Dealing with Challenging Family Members
As an educator, you are undoubtedly going to feel frustrated with the parents and family members of the children in your care at times. Whether they question/ignore your classroom policies or want you to make some sort of exception for their child, challenging family members can make maintaining a positive relationship with families difficult. Nancy Bruski provides some great tips and reminders on how you can appropriately deal with challenging family members in her book The Insightful Teacher:
- When dealing with challenging family members, strive to understand the other person's perspective and to keep the lines of communication open. Many families and cultures have clear ideas on how children should be raised. Even if those ideas differ from your own, it's important that you try to understand other people's perspectives to help build respect and trust in your relationships with families. Keeping lines of communication open is also important in working with families to resolve any problems or differences that occur.
- Remember that a family member's reluctance or resistance likely has nothing to do with you as the teacher. Many times a family member's feelings are a result of his or her own life experiences. Try to keep positive and find common ground. Working together with your director or principal to understand the family member's point of view and find a solution can also help strengthen partnerships with challenging family members.
- Find creative solutions to meet both family and program needs. Bruski uses an example of a family who did not want their child to take naps at school in fear of her not being able to go to sleep at night. The program in this scenario came up with a solution by shortening the rest time of children who no longer took naps and having their families send a special backpack filled with items they could use quietly while other children rested. Creative solutions like this one can go a long way in helping build and maintain positive family-school partnerships.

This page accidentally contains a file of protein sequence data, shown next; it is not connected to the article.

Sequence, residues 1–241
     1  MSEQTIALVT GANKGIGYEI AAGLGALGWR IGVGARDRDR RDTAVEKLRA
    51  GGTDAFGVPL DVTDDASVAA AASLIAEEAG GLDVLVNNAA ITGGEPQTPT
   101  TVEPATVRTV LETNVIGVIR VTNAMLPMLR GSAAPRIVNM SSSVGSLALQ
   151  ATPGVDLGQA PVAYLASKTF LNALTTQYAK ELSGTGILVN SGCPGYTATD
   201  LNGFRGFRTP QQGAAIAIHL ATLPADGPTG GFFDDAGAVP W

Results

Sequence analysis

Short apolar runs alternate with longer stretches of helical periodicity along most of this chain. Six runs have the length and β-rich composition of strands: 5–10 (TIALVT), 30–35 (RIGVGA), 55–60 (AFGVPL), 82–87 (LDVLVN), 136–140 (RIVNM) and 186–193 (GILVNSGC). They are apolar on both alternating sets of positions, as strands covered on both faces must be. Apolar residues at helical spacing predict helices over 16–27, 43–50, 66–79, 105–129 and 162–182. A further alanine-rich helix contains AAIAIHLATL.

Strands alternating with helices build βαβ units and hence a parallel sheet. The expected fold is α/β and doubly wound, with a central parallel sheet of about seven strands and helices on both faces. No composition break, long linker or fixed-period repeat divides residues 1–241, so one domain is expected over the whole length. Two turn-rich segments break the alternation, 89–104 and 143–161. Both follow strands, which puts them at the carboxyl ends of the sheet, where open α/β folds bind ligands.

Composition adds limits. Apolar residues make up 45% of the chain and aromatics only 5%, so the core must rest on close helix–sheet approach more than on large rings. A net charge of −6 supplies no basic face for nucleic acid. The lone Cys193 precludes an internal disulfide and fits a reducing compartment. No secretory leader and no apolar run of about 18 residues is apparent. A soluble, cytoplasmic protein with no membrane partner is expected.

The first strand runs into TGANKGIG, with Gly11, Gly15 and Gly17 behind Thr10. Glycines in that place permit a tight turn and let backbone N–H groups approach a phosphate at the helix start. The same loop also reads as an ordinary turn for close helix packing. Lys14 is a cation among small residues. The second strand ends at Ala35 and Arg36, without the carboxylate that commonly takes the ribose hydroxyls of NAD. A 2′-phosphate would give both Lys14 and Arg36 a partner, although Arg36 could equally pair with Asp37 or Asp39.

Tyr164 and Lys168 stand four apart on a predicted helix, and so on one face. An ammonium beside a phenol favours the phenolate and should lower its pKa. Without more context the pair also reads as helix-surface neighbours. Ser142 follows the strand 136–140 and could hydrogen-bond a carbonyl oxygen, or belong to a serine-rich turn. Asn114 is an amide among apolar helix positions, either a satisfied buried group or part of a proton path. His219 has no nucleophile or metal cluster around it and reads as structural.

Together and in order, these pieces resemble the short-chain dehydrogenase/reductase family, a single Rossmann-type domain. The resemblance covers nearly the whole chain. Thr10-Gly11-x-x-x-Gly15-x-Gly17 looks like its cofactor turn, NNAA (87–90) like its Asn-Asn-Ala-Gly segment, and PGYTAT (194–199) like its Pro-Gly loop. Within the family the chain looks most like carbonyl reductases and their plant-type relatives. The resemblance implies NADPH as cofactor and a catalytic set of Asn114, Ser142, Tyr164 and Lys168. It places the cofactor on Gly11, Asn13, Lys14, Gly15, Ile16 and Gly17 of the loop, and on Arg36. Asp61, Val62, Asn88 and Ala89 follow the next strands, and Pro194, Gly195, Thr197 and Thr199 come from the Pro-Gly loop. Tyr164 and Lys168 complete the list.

- Consistently enforce limits and continue to work on building positive family-school partnerships. Make sure families understand school and classroom policies, and give them reminders of policies throughout the year. Adjustments to school policies and practices are sometimes permissible if they won't harm the program. When these changes aren't possible, be sure you clearly explain to family members why adjustments cannot be made. Clear communication and a willingness to be flexible in some situations are both major components of positive family-school partnerships and can help you overcome any negativity from challenging family members.
As you deal with challenging family members, remember that it is important for you to respect families' ideas, beliefs, and requests when possible. However, it is equally important that you provide children with a wide variety of learning opportunities that will help them develop the skills they need to be successful students. Finding the right balance of being respectful and providing learning opportunities isn't easy, but showing that you take parental concerns seriously can help maintain positive family-school partnerships. As Nancy Bruski explains, "Valuing parental concerns does not always translate into doing exactly what a parent may want in every situation, but it does mean paying attention to parents' opinions and working with them to find solutions."